From Maria Juneth Gomez, third year, College of Science.

String theory is a development in quantum field theory, general relativity, and mathematics. Physicists believe that this theory would not only unify the forces of gravity and electromagnetism, but would also explain the existence of elementary particles and constants such as the electron’s charge or the speed of light.

“Strings are like typical guitar strings, when one plucks a guitar string under different tensions, it will produce different tones. A string vibrating with different ‘modes’ will represent the subatomic or fundamental particles,” Dr. Augusto Morales Jr. of the Mathematics and Physics Department, UST College of Science told the Varsitarian.

Interest in string theory is driven largely by the hope that it will ultimately link together all known physical phenomena. In other words, it hopes to explain why everything acts the way it does. It has emerged as the most promising approach to unifying quantum mechanics—the laws governing very small things such as atoms—with general relativity, which describes the world in terms of stars and galaxies.

According to Morales, representing the basic building blocks of the universe as strings with one dimension, rather than pointlike objects (things with zero radius) would ease problems in understanding physical laws. Usually, representing fundamental particles as pointlike objects leads to divergence problems, where force laws yield infinity, especially in dealing with gravity.

In string theory, each fundamental particle is created in some sense by different patterns of vibration of the strings.

The theory calls for six or more dimensions that are curled up into tiny spaces which generate forces comparable to gravity.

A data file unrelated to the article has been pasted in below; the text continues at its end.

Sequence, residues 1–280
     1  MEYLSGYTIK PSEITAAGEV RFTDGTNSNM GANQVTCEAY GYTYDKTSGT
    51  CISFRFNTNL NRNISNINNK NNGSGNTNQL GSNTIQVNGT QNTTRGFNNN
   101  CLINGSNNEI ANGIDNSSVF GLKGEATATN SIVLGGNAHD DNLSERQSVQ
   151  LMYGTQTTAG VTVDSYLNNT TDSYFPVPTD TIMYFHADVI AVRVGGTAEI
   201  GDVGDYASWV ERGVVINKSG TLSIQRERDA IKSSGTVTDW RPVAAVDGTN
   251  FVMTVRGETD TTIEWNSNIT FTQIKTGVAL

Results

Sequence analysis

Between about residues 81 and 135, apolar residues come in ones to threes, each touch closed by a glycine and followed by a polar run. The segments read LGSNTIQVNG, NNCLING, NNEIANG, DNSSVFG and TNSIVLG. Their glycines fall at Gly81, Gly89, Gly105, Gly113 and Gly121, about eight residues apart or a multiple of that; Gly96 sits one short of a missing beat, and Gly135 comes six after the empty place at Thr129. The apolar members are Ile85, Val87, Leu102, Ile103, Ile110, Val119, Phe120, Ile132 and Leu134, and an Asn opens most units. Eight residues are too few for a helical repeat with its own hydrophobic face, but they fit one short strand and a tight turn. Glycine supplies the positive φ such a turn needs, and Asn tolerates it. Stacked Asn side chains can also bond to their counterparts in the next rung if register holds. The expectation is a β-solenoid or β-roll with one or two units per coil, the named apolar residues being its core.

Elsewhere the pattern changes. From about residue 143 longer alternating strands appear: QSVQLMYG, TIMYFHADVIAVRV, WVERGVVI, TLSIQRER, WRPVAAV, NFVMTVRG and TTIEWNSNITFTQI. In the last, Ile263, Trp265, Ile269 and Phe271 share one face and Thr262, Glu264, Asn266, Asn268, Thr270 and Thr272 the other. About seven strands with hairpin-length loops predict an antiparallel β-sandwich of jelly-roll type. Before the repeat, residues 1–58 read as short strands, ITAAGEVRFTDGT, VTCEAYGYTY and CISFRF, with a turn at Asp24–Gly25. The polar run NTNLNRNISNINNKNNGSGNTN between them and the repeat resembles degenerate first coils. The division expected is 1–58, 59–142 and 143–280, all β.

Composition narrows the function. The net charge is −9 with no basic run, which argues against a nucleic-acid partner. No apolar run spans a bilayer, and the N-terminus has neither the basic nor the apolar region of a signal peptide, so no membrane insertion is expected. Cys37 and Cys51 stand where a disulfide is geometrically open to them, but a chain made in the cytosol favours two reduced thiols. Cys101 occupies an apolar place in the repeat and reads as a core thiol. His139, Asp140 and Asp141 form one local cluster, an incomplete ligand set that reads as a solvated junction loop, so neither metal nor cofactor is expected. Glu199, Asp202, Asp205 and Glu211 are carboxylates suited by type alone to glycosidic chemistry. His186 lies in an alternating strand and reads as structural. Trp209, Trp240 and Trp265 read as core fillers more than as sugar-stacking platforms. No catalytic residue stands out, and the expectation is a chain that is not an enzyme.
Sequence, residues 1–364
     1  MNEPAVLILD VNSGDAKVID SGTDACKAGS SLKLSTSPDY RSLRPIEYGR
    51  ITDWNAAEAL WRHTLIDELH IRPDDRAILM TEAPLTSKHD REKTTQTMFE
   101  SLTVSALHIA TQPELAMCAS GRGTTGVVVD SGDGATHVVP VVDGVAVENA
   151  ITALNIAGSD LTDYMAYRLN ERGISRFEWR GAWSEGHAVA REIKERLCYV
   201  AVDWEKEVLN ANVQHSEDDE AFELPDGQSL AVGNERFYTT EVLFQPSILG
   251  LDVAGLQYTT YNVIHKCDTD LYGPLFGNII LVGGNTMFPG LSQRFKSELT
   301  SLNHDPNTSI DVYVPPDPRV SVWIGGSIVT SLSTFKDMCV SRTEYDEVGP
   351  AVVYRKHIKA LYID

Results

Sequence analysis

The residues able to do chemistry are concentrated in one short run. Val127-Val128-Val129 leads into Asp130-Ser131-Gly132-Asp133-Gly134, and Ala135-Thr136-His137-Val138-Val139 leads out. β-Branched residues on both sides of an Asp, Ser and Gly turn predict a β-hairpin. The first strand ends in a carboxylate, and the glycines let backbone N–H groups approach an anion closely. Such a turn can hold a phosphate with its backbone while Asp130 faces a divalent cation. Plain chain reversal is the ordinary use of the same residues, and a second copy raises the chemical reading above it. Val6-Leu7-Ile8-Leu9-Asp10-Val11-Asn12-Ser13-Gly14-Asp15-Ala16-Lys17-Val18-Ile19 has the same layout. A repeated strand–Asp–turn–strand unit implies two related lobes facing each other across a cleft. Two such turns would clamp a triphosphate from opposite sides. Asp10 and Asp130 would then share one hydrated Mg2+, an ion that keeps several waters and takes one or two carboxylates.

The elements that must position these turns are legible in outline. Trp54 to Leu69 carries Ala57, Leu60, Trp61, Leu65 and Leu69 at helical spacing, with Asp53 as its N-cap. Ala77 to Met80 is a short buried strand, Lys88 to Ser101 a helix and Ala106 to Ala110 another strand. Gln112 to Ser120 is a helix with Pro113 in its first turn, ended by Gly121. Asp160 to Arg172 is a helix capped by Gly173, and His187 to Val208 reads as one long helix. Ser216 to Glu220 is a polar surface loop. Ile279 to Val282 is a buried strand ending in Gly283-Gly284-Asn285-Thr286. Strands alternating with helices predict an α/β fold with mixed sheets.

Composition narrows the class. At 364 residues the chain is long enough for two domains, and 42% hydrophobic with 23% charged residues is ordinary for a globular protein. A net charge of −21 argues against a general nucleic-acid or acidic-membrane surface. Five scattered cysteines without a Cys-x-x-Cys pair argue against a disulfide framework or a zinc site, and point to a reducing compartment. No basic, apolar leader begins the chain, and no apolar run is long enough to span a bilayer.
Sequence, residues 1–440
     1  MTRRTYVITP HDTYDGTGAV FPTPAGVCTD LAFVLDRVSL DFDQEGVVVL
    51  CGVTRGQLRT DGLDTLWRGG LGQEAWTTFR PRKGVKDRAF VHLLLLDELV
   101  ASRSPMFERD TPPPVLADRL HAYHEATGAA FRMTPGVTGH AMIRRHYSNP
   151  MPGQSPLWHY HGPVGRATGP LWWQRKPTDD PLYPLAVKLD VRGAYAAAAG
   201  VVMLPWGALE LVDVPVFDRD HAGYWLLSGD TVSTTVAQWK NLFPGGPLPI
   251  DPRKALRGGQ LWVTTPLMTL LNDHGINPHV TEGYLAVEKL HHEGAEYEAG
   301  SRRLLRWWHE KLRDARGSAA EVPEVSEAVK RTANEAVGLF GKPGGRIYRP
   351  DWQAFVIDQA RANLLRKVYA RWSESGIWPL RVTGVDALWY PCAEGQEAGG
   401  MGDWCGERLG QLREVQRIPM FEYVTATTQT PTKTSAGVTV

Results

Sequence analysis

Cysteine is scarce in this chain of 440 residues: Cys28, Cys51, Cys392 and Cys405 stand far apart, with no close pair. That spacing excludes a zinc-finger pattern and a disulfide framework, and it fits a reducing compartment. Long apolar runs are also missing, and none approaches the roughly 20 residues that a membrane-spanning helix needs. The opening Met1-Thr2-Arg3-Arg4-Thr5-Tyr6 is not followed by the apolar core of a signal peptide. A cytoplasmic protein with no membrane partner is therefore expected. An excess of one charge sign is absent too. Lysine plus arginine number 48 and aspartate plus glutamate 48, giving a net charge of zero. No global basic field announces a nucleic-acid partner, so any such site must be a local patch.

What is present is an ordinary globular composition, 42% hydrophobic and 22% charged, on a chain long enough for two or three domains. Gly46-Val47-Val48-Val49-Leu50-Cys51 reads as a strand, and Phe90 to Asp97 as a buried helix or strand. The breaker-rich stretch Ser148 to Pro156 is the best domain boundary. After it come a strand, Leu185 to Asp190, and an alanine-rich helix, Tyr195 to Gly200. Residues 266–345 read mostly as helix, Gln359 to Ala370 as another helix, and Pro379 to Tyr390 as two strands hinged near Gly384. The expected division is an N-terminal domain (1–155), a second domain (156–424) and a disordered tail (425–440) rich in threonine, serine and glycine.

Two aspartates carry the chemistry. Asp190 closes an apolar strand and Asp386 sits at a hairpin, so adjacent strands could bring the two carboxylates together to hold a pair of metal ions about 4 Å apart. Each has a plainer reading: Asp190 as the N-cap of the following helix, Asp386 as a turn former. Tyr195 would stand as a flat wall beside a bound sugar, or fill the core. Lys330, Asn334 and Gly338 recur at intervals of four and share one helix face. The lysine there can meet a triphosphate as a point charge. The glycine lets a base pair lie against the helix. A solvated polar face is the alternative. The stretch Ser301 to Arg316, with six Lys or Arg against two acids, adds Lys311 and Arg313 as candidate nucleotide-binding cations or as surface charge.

The zen of the mundane

“The theory is a radical departure from the more verifiable predictions of quantum mechanics or even quantum field theory,” Morales said.

A theory of everything

The new Large Hadron Collider (LHC), the world’s largest and most advanced particle accelerator located in Geneva, Switzerland, will ascertain if the string theory can lead to a theory of everything. LHC with its 27-kilometer circumference tunnel will use electric and/or magnetic fields to propel electrically charged particles to high speeds. Physicists hope that the data to be collected by LHC can prove the predictions made in string theory.

“If the string theory is found to be physically viable, much of the basic science, including mathematics would need to be rewritten,” Morales said.

As of now, there is no significant development in string theory. Theoretical physicists all over the world are still racing and struggling to combine the pieces that might revolutionize the understanding of the universe. Jefferson O. Evalarosa



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